No - and one of the driving reasons for making IPv6 address space so large is to ensure that needing to go through this exercise again in future is "unlikely"

    2. Nanashi

      Would it have been feasible to devise a protocol which accepted IPv4 as a fully accepted subset? I don't know, but if it would then anything else would have been a serious mistake.

      No, it wouldn't. There's no way to do what you're imagining. That's why we didn't do it.

      Note that it is possible to connect from v6 to v4 via NAT64, and there's a standard range for that (64:ff9b::0:0/96). For example, in the process of making this post, my browser is talking to 64:ff9b::104.18.227.129, since for the fun of it I removed v4 from my desktop and am relying purely on v6.

      Is that close enough to what you wanted?

      It's impossible to do a completely seamless transition, because v4 is just not designed in a way that supports that, and obviously you can't change v4 to support a seamless transition because that wouldn't be seamless. v6's design makes the transition as seamless as possible given the constraints it's working under.

      1. Doctor Syntax Silver badge

        "It's impossible to do a completely seamless transition, because v4 is just not designed in a way that supports that,"

        And given that there are several billion nodes out there on v4 don't be surprised that uptake of v6 isn't happening at all fast. As other comments have said, the time when the change should have been made was a long time ago. There are a huge number of people who have bought, or been sent by their ISP, a box, plugged it in and had everything just work because every single thing they have that connects to that box will use v4. Replace that new box for v6 and something will break - sod's law will ensure that. Nobody is going to want to handle all those support calls.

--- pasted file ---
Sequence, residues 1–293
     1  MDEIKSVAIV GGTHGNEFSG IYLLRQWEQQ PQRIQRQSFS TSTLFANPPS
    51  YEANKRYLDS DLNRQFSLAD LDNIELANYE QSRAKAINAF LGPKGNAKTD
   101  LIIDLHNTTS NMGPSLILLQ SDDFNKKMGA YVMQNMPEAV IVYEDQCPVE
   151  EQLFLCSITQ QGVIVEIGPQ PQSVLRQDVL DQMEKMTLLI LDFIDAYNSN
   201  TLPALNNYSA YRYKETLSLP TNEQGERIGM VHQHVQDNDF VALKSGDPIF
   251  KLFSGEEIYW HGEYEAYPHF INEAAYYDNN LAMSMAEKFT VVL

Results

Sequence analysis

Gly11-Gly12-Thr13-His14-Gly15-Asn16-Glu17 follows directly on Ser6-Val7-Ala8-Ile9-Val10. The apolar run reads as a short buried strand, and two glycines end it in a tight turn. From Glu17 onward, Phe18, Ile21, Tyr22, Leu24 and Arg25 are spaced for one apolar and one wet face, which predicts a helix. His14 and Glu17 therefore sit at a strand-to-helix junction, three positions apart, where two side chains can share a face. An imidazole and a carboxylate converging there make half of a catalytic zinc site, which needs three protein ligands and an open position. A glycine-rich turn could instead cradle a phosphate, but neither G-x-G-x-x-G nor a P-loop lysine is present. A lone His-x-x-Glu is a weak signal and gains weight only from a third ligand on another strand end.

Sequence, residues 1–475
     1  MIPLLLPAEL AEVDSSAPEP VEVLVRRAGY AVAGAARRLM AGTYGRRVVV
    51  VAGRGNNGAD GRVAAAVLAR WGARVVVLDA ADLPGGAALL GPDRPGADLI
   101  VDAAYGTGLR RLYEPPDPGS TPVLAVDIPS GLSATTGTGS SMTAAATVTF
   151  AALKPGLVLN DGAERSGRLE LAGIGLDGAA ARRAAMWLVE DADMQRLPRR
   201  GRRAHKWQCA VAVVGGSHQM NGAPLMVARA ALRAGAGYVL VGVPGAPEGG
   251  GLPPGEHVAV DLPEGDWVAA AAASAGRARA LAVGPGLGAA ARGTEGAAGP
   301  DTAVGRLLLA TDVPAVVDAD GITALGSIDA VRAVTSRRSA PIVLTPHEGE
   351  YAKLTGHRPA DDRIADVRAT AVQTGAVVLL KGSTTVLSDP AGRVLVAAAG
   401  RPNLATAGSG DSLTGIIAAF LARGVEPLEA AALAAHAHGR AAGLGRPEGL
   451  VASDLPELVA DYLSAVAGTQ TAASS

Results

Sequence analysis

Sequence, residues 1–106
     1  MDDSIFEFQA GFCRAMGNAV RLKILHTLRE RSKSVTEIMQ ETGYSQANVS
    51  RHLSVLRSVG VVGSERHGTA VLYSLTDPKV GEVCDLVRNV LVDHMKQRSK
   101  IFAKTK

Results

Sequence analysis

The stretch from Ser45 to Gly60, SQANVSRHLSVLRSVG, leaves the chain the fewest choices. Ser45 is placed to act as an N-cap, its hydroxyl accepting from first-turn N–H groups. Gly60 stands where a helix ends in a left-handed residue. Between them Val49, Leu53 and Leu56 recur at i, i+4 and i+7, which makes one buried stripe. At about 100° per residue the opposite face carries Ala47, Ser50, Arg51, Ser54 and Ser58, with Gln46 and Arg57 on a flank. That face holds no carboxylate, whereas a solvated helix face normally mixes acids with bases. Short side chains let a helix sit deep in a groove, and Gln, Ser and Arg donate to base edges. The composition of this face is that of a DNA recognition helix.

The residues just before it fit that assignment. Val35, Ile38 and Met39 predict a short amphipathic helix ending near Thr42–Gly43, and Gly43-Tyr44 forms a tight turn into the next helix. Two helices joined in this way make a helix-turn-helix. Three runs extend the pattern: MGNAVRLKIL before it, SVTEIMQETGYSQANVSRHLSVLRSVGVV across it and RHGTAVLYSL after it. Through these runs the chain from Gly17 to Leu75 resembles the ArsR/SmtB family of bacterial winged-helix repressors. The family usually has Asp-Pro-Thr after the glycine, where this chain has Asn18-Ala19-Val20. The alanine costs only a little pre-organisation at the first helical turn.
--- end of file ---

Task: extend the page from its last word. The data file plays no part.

2. Alan Brown Silver badge

        " in the process of making this post, my browser is talking to 64:ff9b::104.18.227.129"

        For the stick-in-the-muds, that can also be written as

        0.100.255.155.0.0.0.0.0.0.0.0.104.18.227.129 - but it's a bit bloody longwinded isn't it?

        THAT is why the new formatting was adopted.

    3. Chronos Silver badge

      And it's no good saying, as one commentard more or less did some time ago, if you don't understand hex you shouldn't be using it because most of the owners of those billions of nodes don't, never will and shouldn't need to.

      That was, probably unsurprisingly, me. What I meant by that was that the internet protocol version should be utterly meaningless to the end user. If, on the other hand, you are in infrastructure, networking for a large organisation, router design or a hosting provider you really should have a grasp of hex words and how to split 128 bit addresses up by netmask. That wasn't a cue for everyone and her uncle Willie to go out and get CCNA qualified, it was a reflection on network people bleating about 128 bits being too hard when it really isn't, which is starting to sound like excuses.

      Apologies if that wasn't made clear at the time.

    4. david 12 Bronze badge

      "4.3 billion addresses are moe or less all allocated"

      A quick look tells me that 1 billion addresses are more or less allocated. The other 3 billion are more or less not allocated.

      1. Nanashi

        Re: "4.3 billion addresses are moe or less all allocated"